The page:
Vancouver Island offers some of the best hiking anywhere in the world. Summers are very pleasant – no humidity, and not too hot – and the only threats to safety come in the form of wild animals, like bears and cougars. But that adds to the excitement of hiking in British Columbia, and seeing a bear or cougar in the wild can be a wonderfully memorable experience. Bear bells will help announce your presence to bears and other wildlife, but a good dose of common sense is more likely to keep you out of trouble. Some parks are extremely remote, with very limited emergency services, or none at all, so hikers should be well prepared and self-sufficient.
Cape Scott Provincial Park
Location: North Vancouver Island
You would need over a week to hike the trails and see everything in Cape Scott Park. Trails range in length from two to thirty kilometres, and from a pleasant stroll to a challenging and demanding test of skill and stamina. The incessant rain results in muddy conditions on primitive trails, but the visual and emotional rewards are beyond comparison, especially on a clear day. Cape Scott Provincial Park Trails.
Pacific Rim National Park
Location: Pacific Rim, West Coast Vancouver Island
The Long Beach area offers nine short walking trails, two of which are wheelchair accessible. Most feature interpretive signs or brochures explaining the cultural and natural heritage en route. In addition to park trails, approximately 20km of sandy beaches provide enjoyable hiking. The 75-km West Coast Trail is the mother of all hikes on Vancouver Island, attracting adventurous hikers from around the world. The internationally-acclaimed hiking trail retraces an old telegraph route that once connected Victoria with Cape Beale near Bamfield. West Coast Trail
Carmanah Walbran Provincial Park
Location: South West Vancouver Island
The 16,450-hectare park provides excellent opportunities for wilderness camping and hiking. Trails in the park lead either up or down Carmanah Creek. The northern route leads 7.5 km to the park boundary, and beyond, while the southern route is closed at the 2.6-km mark for public safety and to preserve the fragile environment. Carmanah Walbran is way off the beaten track on the southwest corner of the island, so visitor numbers are very low. Don’t be alarmed to encounter no other hikers while enjoying the silence and solitude of this remote and wilderness park.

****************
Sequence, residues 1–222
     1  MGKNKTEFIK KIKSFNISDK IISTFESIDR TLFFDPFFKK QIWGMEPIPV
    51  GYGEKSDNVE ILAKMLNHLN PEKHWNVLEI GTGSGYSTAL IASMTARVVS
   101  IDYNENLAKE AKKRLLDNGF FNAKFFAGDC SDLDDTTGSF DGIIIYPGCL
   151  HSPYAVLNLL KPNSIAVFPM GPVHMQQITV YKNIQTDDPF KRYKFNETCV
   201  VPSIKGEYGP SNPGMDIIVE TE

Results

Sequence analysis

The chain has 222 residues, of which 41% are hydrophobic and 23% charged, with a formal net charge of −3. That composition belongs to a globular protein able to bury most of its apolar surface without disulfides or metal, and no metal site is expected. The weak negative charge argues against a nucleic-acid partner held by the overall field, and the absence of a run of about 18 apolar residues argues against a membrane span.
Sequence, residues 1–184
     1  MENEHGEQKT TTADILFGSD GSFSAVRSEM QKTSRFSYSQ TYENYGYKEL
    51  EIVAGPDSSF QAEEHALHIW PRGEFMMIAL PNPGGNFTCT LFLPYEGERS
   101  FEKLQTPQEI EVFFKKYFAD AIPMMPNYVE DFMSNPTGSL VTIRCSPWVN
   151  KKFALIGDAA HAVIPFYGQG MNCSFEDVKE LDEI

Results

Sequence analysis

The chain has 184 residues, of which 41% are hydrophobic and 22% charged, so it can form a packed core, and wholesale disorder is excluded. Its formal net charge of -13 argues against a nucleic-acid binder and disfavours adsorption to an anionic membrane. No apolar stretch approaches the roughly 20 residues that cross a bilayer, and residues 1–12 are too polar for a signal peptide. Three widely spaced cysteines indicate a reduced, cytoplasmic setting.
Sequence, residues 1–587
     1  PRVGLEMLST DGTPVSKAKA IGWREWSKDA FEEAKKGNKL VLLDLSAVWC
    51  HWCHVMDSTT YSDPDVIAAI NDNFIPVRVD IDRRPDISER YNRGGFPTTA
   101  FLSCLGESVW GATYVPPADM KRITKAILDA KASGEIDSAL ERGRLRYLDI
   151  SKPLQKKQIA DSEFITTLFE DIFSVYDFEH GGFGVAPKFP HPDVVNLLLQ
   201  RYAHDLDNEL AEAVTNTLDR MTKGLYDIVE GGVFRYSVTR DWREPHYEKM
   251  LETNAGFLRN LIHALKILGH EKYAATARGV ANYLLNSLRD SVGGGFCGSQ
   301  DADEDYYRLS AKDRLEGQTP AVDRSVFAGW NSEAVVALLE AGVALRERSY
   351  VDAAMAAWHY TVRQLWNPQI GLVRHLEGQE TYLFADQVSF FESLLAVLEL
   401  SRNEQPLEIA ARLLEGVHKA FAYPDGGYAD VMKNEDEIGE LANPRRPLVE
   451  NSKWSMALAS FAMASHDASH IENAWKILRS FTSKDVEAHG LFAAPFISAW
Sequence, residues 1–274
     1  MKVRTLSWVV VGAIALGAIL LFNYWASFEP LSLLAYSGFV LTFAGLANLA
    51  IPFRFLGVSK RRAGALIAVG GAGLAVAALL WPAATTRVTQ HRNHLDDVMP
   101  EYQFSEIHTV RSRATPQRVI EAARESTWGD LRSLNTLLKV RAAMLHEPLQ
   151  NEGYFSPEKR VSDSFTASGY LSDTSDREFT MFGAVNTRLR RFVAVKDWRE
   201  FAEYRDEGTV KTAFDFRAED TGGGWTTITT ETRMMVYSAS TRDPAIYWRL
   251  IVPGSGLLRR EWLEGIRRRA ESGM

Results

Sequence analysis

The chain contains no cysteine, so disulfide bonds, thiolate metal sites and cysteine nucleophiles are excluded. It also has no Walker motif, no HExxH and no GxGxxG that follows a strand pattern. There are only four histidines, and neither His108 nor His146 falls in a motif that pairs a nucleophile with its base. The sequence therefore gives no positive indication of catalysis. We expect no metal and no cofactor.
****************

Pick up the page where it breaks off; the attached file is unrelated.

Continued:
Strathcona Provincial Park
Location: Central Vancouver Island
The rugged wilderness areas, glaciers, snowfields and mountains of Strathcona Park provide endless opportunities for day hiking and multi-day backpacking trips. Trailheads are situated at 3 locations in the park: hiking routes originate in the Forbidden Plateau region to the summit of Mount Becher and to McKenzie Meadows, and other trails into Forbidden Plateau begin from the Paradise Meadows trailhead on Mount Washington. Great Central Lake is the trailhead for the Della Falls Trail.
East Sooke Regional Park
Location: Greater Victoria, South Vancouver Island
East Sooke Park is one of the most spectacular parks in the Greater Victoria region, providing over 50 kilometres of trails through forest, marsh and field, with pocket beaches, rocky bays and tidal pools for exploring. The ten-kilometre Coast Trail is considered one of the premier day hikes in Canada, taking hikers through lush rain forest, along windswept bluffs and down to the ocean’s edge. The trail is rough and winding, a challenging 6–hour trip even for energetic or experienced hikers. More on the Coast Trail.